The ACC’s presidents and chancellors voted Tuesday to accept a proposed settlement of a highly-publicized, transformative lawsuit.

No, not that one.

The battle between Florida State and the ACC over the league’s grant of media rights is still dragging on.
With no definitive resolution in sight.

Same for the corresponding litigation brought by Clemson.

This one is the landmark antitrust suit known as House vs. NCAA whose implications promise to have a far-reaching impact on the future of college sports.

For everyone. Not just the ACC.

The settlement, which is still awaiting approval from the SEC and schools formerly affiliated with the Pac-12, would create a fund of more than $2.8 billion to compensate former athletes denied the opportunity to sign name, image and likeness deals.

It would also create a revenue-sharing system that would officially end the myth of the “collegiate model” by providing another $20 million per school over the next 10 years to compensate athletes while shielding the NCAA and its members from further lawsuits.

The payments could begin as soon as the 2025-26 academic year.

There are still plenty of details to be worked out, including Title IX implications, roster caps and the format for how the money would be divided. And the deal must be signed off on by the presidential boards of the NCAA and each of the power conferences, as well as a district court judge in California before it can go into effect.

Not everyone is thrilled about the agreement, especially non-football playing leagues such as the Big East.

That’s why NCAA president Charlie Baker felt it necessary to pay a visit to the conference’s annual spring meetings in Amelia Island, Fla. earlier this month to explain the settlement to the gathered coaches and administrators and lobby them to endorse it.

It wasn’t an automatic sell considering that believe it or not, the ACC’s financial contribution would be more than that of the richer SEC, according to a document obtained by Ross Dellenger of Yahoo! Sports.

 

Even though the power conferences are only committed to footing around 40% of the bill, the result of the deal will inevitably add to the ACC’s already precarious financial situation.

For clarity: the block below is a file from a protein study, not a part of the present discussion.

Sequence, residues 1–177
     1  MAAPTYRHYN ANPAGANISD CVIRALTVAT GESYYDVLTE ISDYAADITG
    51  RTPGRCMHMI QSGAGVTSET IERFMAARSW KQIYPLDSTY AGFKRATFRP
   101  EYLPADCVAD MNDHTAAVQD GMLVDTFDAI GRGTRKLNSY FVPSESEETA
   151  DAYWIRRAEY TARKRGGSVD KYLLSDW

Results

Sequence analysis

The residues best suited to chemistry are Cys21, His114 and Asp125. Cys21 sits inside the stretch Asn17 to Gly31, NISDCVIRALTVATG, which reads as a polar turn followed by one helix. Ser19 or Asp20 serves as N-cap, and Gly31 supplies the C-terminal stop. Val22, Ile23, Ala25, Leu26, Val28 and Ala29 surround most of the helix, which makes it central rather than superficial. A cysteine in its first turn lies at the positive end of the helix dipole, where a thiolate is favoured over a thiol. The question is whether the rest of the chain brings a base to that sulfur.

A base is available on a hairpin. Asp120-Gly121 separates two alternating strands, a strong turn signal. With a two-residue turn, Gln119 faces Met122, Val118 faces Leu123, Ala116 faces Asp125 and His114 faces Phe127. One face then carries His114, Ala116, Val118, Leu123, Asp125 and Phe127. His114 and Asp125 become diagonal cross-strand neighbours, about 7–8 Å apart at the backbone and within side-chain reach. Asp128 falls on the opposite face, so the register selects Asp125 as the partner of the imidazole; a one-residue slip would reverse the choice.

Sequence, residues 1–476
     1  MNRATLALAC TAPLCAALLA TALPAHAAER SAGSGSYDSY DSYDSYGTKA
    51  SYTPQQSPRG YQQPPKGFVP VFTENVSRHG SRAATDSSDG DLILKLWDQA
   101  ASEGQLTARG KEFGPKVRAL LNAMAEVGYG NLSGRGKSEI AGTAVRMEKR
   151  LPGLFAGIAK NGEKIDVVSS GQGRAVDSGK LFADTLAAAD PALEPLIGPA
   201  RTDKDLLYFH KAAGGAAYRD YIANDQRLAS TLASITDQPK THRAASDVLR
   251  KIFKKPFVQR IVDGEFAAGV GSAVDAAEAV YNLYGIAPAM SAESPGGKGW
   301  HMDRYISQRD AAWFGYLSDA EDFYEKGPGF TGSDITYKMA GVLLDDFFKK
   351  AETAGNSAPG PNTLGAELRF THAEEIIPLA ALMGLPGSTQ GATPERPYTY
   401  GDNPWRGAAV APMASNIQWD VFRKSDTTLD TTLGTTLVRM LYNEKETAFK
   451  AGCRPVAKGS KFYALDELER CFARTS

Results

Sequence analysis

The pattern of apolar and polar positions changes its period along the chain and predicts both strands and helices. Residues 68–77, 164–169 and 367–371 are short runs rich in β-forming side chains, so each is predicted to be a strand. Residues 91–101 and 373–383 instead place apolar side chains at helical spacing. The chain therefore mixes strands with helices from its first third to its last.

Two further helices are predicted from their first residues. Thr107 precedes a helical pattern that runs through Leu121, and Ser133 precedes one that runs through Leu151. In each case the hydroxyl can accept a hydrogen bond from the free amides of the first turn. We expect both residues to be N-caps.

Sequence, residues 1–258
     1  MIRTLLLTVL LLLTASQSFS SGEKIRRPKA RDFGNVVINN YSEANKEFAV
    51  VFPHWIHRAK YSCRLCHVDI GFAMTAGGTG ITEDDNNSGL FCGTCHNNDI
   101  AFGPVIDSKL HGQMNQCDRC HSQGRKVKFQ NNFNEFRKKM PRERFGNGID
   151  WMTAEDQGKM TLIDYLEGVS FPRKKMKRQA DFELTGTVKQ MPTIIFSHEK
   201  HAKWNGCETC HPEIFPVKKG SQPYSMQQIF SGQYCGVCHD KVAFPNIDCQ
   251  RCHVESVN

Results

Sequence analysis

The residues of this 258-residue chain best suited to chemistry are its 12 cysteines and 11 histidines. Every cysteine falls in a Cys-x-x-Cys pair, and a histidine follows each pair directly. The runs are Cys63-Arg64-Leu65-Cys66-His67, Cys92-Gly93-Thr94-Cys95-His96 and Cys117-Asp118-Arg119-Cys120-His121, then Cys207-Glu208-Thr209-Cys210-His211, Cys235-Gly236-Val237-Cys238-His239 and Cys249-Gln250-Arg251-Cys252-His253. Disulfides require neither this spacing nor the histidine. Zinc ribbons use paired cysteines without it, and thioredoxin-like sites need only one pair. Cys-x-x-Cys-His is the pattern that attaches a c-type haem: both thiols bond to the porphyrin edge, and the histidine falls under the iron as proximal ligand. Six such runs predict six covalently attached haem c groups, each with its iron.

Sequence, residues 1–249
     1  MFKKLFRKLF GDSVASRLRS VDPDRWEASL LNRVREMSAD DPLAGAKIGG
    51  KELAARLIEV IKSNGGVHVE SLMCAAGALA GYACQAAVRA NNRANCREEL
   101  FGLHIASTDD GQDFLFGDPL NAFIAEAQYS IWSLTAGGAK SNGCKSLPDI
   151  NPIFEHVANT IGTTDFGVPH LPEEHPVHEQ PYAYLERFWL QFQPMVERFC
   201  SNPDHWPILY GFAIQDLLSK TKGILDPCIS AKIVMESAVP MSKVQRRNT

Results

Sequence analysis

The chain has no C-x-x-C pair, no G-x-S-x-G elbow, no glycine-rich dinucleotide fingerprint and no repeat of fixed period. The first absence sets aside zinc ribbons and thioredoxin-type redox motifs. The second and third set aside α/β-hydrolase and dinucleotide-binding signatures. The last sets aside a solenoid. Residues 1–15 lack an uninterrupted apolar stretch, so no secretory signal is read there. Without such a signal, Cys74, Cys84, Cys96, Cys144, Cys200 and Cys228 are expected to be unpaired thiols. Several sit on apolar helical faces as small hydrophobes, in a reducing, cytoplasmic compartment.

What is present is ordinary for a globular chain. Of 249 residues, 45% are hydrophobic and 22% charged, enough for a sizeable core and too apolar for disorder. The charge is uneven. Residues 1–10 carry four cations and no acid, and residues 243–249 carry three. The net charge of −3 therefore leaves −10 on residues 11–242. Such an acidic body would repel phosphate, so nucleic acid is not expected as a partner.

So why was the league’s leadership so quick to sign off on it? Particularly Florida State and Clemson, schools that are already fed up with the ACC’s bottom line without adding to the revenue disparity between the conference and its top competitors.

Because as prohibitive as the price tag might sound, and it is high, it’s still pennies on the dollar compared to the cost should the suit go to trial and the NCAA lose.

“There’s obviously been a lot of discussion about that among the ACC presidents and chancellors and, of course, around the country more broadly,” North Carolina’s interim chancellor Lee Roberts told members of the media following a recent Board of Trustees meeting dedicated to the school’s athletic program. “I do believe that most folks think settling the litigation is going to be better than taking it through to a trial.”

That’s a prudent decision considering the NCAA’s record in court cases since the O’Bannon decision in 2015 is the same as Charlie Brown’s success rate at kicking a football when held by his nemesis Lucy. Rolling the dice and playing out the suit to a conclusion could legitimately turn that $2.8 billion settlement into $5-6 billion hit with one stroke of a gavel.

Settling is a little like shelling out $500 you can’t really afford to have a mechanic replace your brakes because you don’t want to risk totaling the car when those brakes fail.

You bite the bullet and write the check. Or in this case, let the NCAA write the check for you.
Money to pay for the settlement would be withheld directly from each conference’s expected annual distribution from the NCAA.

A portion of that distribution comes from the NCAA men’s basketball performance fund, which explains how the ACC can be on the hook for a greater percentage of the total Division I contribution (9.52% compared to 7.50%) than the more affluent SEC.

It’s not exactly fair. But the positives of the settlement still outweigh the negatives.

Most importantly, in the words of the NCAA’s Baker, it “creates a clarity and visibility on a whole bunch of issues that have been roiling everybody for a while.”

Signing off on the agreement, warts and all, would also give the ACC’s legal staff 1 less distraction on which to spend their time and billable hours.

With those other 2 lawsuits to defend, they already have enough on their plate to stay busy.